There are only a handful of bills still in play in the Colorado General Assembly this afternoon. For those who don't won't to go through the full day four and morning of day five recap, the remaining bills are as follows:
* H.B. 1023 (state and local services to illegal immigrants). This is center stage in the remaining debate. It passed House and was modified in Senate. The Senate has further undermined GOP opposition by making the bill "tougher" on prospective service recipients. The GOP wants a referrendum for get out the vote purposes; the Democrats want to enact a bill that will take effect in August, not November, to show that they have addressed the issue in a manner more sensible than Initiative 55. This will likely to go conference committee. Something will very likely pass, but what precisely this involves is still a subject of negotiation. The timeline of this bill is entirely up to the pace of the political deal making.
Once something is passed, the Governor is in a hard spot. He may not like the bill, but will be hard pressed to veto something that has most of what he asked for, which, at least, leaves him half a loaf.
* H.B. 1015 (Colorado income tax backup witholding). In conference committee over technical details. This will likely pass in some form today, probably as one of the last bills of the day due to the complexity of the issues involved. UPDATE: A conference committee agreement has been reached, primarily involving a delayed implementation date.
* S.B. 2 (court deadlines for initiative cases). In conference committee over priority v. firm deadline issue. This will likely pass in some form today, probably with some form of firm deadline.
* UPDATE: H.B. 1014 (illegal immigration lawsuit v. feds statute). The conference committee has approved the compromise bill, and it will likely be passed. The terms of the deal aren't clear, but this bill will be passed shortly.
* H.B. 1005 (involuntary servitude and immigration extortion, house version). This is set for appropriations committee consideration in the State Senate, but is unlikely to go forward as parallel bills have been passed. The session may adjourn without further action on this bill.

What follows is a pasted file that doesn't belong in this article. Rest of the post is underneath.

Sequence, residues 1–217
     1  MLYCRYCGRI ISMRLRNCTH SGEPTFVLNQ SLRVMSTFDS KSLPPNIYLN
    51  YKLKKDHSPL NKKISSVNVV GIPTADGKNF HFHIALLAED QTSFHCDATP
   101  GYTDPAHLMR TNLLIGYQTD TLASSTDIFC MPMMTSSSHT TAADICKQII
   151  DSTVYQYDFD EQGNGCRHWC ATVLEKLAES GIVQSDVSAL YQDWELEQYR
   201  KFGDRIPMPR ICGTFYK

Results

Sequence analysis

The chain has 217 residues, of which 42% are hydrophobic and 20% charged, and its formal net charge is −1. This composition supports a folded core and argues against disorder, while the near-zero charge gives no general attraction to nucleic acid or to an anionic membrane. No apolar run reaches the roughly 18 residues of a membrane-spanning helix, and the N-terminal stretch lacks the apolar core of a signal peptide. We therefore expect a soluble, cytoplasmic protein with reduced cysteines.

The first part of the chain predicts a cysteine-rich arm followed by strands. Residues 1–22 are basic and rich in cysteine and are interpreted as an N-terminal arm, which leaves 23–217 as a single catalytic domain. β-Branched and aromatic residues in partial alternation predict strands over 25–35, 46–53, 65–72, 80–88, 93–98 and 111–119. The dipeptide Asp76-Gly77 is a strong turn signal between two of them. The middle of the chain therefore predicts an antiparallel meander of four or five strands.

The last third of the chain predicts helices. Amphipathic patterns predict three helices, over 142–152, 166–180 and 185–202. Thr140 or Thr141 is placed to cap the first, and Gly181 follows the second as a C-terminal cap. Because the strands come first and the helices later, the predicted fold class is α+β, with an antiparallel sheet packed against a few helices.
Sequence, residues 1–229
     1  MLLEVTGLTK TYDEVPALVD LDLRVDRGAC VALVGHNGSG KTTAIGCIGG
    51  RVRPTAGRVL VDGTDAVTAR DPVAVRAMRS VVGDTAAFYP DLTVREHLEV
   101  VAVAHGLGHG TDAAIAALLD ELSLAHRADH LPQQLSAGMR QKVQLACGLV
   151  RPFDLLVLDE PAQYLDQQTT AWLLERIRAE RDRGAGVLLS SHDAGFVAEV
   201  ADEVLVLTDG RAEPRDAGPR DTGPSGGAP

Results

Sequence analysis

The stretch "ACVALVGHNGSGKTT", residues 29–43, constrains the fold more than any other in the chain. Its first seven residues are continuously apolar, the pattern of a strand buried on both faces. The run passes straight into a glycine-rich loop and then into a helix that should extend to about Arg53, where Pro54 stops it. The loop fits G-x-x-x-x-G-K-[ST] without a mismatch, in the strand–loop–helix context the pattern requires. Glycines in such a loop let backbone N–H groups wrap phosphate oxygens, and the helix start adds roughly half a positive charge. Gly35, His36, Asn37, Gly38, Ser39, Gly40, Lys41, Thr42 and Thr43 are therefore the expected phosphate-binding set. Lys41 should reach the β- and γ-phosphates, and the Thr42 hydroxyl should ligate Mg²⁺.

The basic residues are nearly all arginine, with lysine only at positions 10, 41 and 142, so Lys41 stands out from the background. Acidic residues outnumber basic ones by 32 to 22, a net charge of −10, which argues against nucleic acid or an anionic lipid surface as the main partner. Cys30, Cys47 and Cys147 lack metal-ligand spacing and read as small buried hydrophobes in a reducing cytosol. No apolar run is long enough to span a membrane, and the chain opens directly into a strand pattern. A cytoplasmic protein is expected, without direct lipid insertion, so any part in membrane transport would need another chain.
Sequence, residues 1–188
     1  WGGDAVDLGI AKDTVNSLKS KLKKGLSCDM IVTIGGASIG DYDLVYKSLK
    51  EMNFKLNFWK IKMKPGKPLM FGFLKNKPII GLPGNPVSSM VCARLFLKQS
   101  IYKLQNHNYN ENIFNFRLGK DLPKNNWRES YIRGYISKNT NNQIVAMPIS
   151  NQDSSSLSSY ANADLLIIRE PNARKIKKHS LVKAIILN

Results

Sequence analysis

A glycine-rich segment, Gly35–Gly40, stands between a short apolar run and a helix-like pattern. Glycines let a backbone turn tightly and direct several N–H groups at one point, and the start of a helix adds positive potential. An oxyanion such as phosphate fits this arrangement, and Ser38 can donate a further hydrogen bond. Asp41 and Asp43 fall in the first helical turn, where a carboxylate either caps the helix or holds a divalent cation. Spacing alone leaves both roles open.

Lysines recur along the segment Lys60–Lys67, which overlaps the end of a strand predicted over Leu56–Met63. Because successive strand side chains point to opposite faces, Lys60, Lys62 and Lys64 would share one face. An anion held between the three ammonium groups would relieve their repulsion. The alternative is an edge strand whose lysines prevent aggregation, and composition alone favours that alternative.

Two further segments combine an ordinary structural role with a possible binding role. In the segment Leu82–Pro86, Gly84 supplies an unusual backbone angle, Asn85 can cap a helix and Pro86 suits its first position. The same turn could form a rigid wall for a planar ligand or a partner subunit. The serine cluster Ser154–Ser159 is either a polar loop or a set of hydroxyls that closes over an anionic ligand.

* H.B. 1018 (governmental photo ID for employment). This passed House, but it is not clear if Senate will follow up. It was assigned to the Senate's "state affairs" committee, which has traditionally been a committee under both the GOP and the Democrats where bills are sent to die in party line votes, and no firm committee meeting time was set as of this morning on the bill. If this was meant to pass, it would have probably been sent to Senate Business, Labor and Technology committee. The session may adjourn without further action on this bill. Still, it has an outside chance of passing as it received bipartisan support in the House.
Aside from H.B. 1023, there are no obvious veto targets, as most of the bills are reasonably close facsimiles of bills requested by the Governor already, but there is a real possibility that the Governor will discover at the last minute that he didn't actually want some of what he requested, or that could be last minute lobbying, either of which could produce some surprise vetos. Given the absence of public discussion of the bills to date, however, it would be politically awkward for the Governor to do so.
The House reconvenes at 7:00 p.m. to consider the deals reached behind the scenes today.